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Salmon Lox

post #1 of 5
Thread Starter 
Has anyone here tried to make this. Did a search but did not find much at all. I can buy this at a couple local stores but is not cheap around $35/lb. I found a couple recipes on the web but they say nothing about smoking after curing. Any help would be appreciated. Thanks
post #2 of 5
you might try searching undere gravlax or gravlox - i think gravlax is the "complete" name.

here's one that i posted a while ago at my place, i've never tried it but have no reason to doubt it:


also, if you have access to "the hunting and fishing library" either at your local library or through the interenet (ebay, amazon etc.) there is a very good step-by-step method in either the "cleaning and cooking fish" or "america's favorite fish recipes" volume. if you get the chance, get both books - they're great!
post #3 of 5
I make it every couple of weeks and have posted detailed results here. I'll see if I can find my old posts since they didn't seem to come up on your search. icon_question.gif
post #4 of 5
Here are a few threads on cold smoked salmon.

There are a few ways to do this and they all work well. Try different methods to see what's to your liking.

First and the easiest method
Wet brine: Use about 1/2 lb of salt per 3 qts of water and a handful of brown sugar. To check your salinity a raw egg should float in this solution. If not add more salt.

Brine the salmon for at least 1hr/ 1/2 inch of thickness. I will brine an average side of skin on salmon for 6 hours. Better to over brine than under brine. If the skin has been removed the brining time can be shorter. You will not get a firm texture like you get in dry brining but the fish will firm up a bit. Dark brown sugar in the brine will darken the color of the fish and IMO is a good thing.

The fish should be rinsed well after brining, dried and a pellicle allowed to form. Passive method is to put it on a rack or tray in the fridge and let the surface get tacky. I have also used a fan which will form a pellicle in an hour or two.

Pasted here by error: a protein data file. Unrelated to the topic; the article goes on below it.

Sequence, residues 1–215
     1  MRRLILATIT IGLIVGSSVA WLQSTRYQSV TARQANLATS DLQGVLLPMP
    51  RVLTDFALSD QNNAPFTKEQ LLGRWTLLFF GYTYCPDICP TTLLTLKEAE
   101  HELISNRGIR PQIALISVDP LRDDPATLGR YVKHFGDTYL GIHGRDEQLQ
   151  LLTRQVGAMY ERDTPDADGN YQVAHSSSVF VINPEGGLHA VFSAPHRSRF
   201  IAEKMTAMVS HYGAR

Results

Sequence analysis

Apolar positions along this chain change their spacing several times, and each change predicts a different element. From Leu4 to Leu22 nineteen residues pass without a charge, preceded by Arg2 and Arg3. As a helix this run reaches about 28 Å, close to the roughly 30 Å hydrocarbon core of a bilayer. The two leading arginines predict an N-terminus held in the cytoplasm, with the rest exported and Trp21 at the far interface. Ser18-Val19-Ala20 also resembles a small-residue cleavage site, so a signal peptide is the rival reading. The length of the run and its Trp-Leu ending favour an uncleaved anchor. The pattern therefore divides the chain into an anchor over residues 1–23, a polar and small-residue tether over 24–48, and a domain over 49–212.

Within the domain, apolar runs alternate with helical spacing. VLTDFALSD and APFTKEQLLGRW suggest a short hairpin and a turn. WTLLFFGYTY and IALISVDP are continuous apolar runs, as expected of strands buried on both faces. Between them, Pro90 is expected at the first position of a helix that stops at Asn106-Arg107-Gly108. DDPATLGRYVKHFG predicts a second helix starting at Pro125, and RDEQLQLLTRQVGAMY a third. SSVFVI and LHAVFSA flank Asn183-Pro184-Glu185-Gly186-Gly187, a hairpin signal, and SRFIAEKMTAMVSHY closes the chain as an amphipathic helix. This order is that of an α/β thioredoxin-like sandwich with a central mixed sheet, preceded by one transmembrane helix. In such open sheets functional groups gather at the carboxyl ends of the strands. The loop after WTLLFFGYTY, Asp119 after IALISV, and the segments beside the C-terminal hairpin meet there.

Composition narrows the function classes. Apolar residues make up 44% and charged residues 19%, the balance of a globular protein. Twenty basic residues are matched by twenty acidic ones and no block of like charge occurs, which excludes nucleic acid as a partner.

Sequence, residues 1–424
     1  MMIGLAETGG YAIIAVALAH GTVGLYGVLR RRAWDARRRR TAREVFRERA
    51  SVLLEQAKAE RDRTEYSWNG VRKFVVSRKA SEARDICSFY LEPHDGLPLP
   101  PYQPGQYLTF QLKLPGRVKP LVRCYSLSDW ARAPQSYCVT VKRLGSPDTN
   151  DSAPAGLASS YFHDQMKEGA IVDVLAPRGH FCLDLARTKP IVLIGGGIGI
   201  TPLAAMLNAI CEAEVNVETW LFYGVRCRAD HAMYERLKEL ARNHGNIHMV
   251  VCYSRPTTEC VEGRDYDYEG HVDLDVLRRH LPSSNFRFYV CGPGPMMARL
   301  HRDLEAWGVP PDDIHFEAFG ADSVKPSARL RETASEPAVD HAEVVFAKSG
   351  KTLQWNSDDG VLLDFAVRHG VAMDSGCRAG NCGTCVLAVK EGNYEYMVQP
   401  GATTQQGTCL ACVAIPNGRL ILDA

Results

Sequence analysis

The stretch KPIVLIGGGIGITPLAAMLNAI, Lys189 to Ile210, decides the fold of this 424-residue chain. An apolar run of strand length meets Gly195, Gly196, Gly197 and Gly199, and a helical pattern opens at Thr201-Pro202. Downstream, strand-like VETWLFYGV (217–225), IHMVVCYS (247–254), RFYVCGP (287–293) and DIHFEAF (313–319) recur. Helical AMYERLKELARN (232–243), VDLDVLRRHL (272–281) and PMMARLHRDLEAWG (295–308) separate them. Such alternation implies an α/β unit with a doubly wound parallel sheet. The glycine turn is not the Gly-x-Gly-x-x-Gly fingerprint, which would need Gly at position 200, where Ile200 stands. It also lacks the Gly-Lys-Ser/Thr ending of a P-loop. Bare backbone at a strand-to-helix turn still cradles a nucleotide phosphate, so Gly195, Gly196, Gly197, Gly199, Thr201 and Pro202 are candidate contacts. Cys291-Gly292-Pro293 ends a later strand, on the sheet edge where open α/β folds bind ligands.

Dry curing: This method which commonly used to make gravlax can be used. A dry cure of salt, sugar and any aromatics can be made and the fish is covered in this cure, wrapped in cellophane, weighted and refrigerated ~ 24 hours. I have done it as little as 12 hours with good results. This will pull out a lot of water from the fish and will result in a firmer texture. The thin tail portion is at risk of becoming drier and more salty as compared to the wet brine. In making gravlax the fish is then rinsed, dried and sliced but cold smoking takes it to the next level.

Combo of dry and wet brine: You can do a mixture of dry cure followed by a wet brine. This will give you the firmer texture but then by wet brining will soften the texture a little.

I personally like the wet brine since I like the silky texture of the fish that results. Others like a more firm texture so it's a personal choice. Wet brining is also easier for me since I just mix it up in a big plastic container and toss it in the fridge. No wrapping or weighing down needed.



post #5 of 5
Here is a post I did for Lox that I swear by:


It came from a Bradley smoker forum. As mentioned above wet brine = softer texture, so between that and the drying stage in this recipe you can play with it to get what you like.

Also do you know how to properly slice the Lox? It's a very important part of it to maximize the end product.
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